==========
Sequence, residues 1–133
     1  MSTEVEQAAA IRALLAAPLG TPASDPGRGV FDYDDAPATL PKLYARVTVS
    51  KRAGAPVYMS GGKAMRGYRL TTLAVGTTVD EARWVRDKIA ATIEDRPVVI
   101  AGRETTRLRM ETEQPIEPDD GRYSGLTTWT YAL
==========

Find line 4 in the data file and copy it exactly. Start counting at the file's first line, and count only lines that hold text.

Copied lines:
   101  AGRETTRLRM ETEQPIEPDD GRYSGLTTWT YAL